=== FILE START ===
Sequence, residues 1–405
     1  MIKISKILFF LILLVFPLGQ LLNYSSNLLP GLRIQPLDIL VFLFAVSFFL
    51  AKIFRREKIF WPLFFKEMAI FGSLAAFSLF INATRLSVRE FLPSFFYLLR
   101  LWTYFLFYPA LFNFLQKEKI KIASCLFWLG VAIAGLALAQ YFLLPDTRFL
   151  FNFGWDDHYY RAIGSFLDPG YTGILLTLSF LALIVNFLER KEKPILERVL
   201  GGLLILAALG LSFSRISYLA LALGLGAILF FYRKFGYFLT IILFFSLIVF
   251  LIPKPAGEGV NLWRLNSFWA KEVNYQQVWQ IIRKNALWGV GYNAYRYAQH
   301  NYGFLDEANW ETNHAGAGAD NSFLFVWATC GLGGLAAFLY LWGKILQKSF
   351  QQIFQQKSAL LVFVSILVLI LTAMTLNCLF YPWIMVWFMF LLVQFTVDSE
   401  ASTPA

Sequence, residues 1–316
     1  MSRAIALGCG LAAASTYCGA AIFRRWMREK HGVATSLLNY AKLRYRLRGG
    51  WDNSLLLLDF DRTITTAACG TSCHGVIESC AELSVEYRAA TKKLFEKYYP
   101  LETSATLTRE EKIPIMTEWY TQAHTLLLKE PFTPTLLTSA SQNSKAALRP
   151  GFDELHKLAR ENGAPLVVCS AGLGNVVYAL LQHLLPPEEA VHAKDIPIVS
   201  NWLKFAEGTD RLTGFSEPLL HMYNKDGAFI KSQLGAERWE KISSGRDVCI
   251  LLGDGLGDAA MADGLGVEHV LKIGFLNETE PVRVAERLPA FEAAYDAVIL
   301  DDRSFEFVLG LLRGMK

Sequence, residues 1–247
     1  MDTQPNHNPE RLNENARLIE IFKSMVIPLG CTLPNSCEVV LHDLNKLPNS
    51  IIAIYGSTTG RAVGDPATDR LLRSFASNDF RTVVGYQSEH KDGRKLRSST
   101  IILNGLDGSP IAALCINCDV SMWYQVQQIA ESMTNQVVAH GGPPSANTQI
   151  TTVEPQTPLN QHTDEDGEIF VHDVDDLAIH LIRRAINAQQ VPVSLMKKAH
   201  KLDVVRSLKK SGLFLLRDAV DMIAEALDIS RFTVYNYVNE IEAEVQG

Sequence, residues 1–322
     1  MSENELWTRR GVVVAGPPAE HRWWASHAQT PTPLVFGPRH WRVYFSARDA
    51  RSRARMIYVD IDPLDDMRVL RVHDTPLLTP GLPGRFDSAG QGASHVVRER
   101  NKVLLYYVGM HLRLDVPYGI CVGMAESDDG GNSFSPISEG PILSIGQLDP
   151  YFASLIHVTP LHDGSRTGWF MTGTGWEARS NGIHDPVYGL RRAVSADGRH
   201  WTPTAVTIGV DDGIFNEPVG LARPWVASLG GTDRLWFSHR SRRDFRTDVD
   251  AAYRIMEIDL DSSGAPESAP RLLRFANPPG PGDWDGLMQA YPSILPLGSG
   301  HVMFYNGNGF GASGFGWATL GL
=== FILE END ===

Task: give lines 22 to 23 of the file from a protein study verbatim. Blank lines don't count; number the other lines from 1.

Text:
   101  IILNGLDGSP IAALCINCDV SMWYQVQQIA ESMTNQVVAH GGPPSANTQI
   151  TTVEPQTPLN QHTDEDGEIF VHDVDDLAIH LIRRAINAQQ VPVSLMKKAH